My parents blocked his home phone number so he couldn’t call. Every time he called me from a pay phone, my parents had that number blocked—until the phone company told them they’d reached their limit of ten blocked numbers.

One day I decided I wasn’t going home after school. I called a cab from a friend’s house, and when it arrived I yelled out to my friends that my mom was there to pick me up.

Juan met me where the cab dropped me off. As we walked back to his house, he offered me a piece of gum. I remember feeling moved by the offer.

We played Nintendo, ate Fruity Pebbles, and cuddled under a blanket. While I delighted in playing house, my parents began a frantic search.

They knew I was with Juan but didn’t know where he lived. After some pleading phone calls to Juan from my father, my mother’s best friend called his house pretending to be someone from the gas company. Whoever answered gave her a street name but not the address. My father went door to door asking for Juan. When he finally reached the house, they looked at each other for the first and only time. Juan returned to the basement after denying he knew where I was. When the cops came and retrieved me an hour later, I was crushed.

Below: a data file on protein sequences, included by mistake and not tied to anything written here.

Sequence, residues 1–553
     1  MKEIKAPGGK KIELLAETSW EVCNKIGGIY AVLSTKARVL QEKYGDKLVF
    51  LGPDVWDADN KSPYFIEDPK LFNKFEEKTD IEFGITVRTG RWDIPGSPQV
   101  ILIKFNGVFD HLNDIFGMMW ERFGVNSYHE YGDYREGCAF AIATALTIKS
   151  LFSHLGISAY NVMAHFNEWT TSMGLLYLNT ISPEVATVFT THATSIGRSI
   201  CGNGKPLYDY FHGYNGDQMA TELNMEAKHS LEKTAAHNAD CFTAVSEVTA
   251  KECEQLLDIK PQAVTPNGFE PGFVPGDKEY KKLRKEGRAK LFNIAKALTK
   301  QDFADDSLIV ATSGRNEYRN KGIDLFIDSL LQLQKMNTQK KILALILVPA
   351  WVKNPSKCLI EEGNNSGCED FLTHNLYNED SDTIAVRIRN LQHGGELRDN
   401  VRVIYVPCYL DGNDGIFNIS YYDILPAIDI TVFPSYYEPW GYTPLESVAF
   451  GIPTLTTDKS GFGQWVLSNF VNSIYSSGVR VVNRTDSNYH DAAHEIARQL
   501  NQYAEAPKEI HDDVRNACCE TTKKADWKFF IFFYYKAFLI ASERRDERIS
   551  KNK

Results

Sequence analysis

I pulled up my sleeves, exposing bruises on my arms, and pointed to more on my legs. I told the police: “My dad did this to me, and that’s why I ran away from home.” In truth, those bruises were from Juan. He didn’t beat me—it was more like playful roughhousing. He treated me like one of the boys, and I laughed through things that made me uncomfortable and sometimes even scared me.

I wrapped my arms around myself, stroking the bruises as one of the two police officers backed my father up against the car. The cop told my dad he would be filing a report of suspected child abuse. I begged the other officer to let me stay at Juan’s house, but they put me in a car with my father and sent me home.